My paternal grandmother lived til ninety three. She was as sweet and tender a spirit as I have ever known. She taught me to love flowers and birds . . .and to pray about everything. She had a hard life, but she was not bitter about it. She felt blessed. She loved animals, wild and tame -and mimosa trees. She was generous and she was the least judgmental person I have ever known. I am so thankful that all of my children, got to know her and know her well.
It is no wonder that I take the role of a grandmother, or in my case, “a Honeybee” so seriously.
Every day of the week was clear and full of hot sunshine. With my back out, the house and yard were mostly untouched. I have two projects going on in the house, which are two ceilings now. The laundry room had several loose tiles too, and so I “peeked” beneath to find more beautiful bead board. At least, I will not even have to paint it, for it is a lovely shade of green. I just can not get on a ladder now. I can barely get in the car, so both rooms are about half done and quite unsightly. The piles of branches in the yard are right where I left them, so the territory is as awful as the house. Kyle is living on his own now, and Christian works long, odd hours and is barely awake for supper. That leaves it to me and the boxer. The boxer doesn’t let it bother him and so neither do I.
I believe now, that flexibility is crucial to a happy life -or at least it has been for me. I make plans, like everyone else, but things seldom fall into the place, I had designated. Expectations require a lot of energy and if you “set your heart on it” . ..well, there is always the chance of unnecessary disappointment. Many many times, things have not worked out as I expected and as it turns out, all was well in the end, anyway . . .and often better, that I could have imagined. I still, faithfully plan supper and what I am wearing to work, the night before. . .but lifes’ plans are a different story. When situations do not work out as I had thought would be best, these days, I am reminded that I am not in control, and I am relieved, for I know my ideas were wrong. It has only taken my lifetime and A LOT of gooseberry nets to learn this.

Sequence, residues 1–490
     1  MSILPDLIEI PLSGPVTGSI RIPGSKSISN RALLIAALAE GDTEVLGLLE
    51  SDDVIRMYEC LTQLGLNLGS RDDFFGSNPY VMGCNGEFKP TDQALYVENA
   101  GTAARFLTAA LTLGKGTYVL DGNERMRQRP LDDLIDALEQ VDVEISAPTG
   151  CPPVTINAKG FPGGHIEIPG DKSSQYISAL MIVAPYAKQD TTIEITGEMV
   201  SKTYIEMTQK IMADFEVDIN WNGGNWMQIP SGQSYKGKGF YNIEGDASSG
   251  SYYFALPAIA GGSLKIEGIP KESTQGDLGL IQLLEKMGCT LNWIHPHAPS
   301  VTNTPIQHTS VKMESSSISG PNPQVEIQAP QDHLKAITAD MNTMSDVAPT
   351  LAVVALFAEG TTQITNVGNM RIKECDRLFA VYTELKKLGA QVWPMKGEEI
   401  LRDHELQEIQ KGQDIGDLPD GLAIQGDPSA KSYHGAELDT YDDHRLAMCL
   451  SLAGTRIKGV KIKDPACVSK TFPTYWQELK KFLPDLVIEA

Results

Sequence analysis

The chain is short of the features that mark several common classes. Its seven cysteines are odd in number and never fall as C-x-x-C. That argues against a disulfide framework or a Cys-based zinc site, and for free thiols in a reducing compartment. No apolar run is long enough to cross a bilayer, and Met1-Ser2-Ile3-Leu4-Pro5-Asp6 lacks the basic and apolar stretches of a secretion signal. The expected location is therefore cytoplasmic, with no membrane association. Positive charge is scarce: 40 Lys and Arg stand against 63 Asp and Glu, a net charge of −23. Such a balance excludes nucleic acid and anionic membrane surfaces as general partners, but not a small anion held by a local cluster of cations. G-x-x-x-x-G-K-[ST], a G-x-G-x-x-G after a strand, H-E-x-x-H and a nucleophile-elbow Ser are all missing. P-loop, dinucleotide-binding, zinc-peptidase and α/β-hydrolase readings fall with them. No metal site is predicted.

Moving slowly, has its’ advantages, I am finding out. Down the garden path, I notice the floss flowers are setting new records, for they are everywhere! The chives have gotten a second-wind and are blooming again. They are a pretty sight and so full of flavor. Now and then, I catch a glimpse of a golden leaf floating to its’ destiny. They seem to dance as they fall-a grand finale to their season.
I do not mind time, the way nature tells it. I couldn’t argue with a full moon or a sunrise or a ginger lily for – “love or money”. I can not complain with mornings bathed in silver fog nor with golden fields . I have no quarrel with the lowly and aggressive , swamp flowers, for they are as bright a yellow as I know of. These are the “bells and whistles” in nature. Time is ushered in, gently . . .in the most beautiful manner . . .and invites everyone to celebrate.